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Re: Avoiding bad prepared-statement plans.

From: Richard Huxton <dev(at)archonet(dot)com>
To: Jeroen Vermeulen <jtv(at)xs4all(dot)nl>
Cc: pgsql-hackers(at)postgresql(dot)org
Subject: Re: Avoiding bad prepared-statement plans.
Date: 2010-02-09 13:50:32
Message-ID: 4B716828.2030303@archonet.com (view raw or flat)
Thread:
Lists: pgsql-hackers
On 09/02/10 12:08, Jeroen Vermeulen wrote:
>
> = Projected-cost threshold =

[snip - this is the simple bit. Sounds very sensible. ]

> = Actual-cost threshold =
>
> Also stop using the generic plan if the statement takes a long time to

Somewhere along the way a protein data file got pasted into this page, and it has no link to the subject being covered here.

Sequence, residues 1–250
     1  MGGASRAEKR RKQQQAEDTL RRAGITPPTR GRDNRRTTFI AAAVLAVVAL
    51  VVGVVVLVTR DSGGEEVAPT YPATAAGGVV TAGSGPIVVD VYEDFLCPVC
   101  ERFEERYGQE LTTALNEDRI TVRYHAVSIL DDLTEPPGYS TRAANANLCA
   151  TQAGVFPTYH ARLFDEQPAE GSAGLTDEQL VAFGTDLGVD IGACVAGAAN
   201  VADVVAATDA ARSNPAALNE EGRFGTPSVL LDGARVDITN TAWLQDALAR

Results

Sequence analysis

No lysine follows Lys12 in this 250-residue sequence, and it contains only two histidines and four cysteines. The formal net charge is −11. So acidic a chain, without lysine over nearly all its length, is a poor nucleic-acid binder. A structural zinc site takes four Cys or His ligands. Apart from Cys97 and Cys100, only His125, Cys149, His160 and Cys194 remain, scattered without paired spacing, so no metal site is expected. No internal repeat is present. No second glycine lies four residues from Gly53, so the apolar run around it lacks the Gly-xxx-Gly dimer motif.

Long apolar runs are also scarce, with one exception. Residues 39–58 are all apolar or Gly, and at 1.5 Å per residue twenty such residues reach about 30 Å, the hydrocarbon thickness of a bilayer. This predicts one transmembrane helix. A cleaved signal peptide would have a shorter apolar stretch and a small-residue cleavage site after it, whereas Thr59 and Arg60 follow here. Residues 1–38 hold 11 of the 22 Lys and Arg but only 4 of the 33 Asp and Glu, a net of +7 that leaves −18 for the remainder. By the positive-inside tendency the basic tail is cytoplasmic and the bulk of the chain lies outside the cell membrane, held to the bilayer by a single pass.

> run in practice.

Do you mean:
1. Rollback the current query and start again
2. Mark the plan as a bad one and plan again next execute

If you can figure out how to do #1 then you could probably do it for all 
queries, but I'm guessing it's far from simple to implement.

> = Plan refresh =
>
> Periodically re-plan prepared statements on EXECUTE. This is also a
> chance for queries that were being re-planned every time to go back to a
> generic plan.

Presumably some score based on update stats and vacuum activity etc.


The good side of all these ideas is good indeed. The bad side is plan 
instability. Someone somewhere will have a generic plan that turns out 
better than the specific plan (due to bad stats or config settings or 
just planner limitations). The question is (I guess): How many more 
winners will there be than losers?

-- 
   Richard Huxton
   Archonet Ltd

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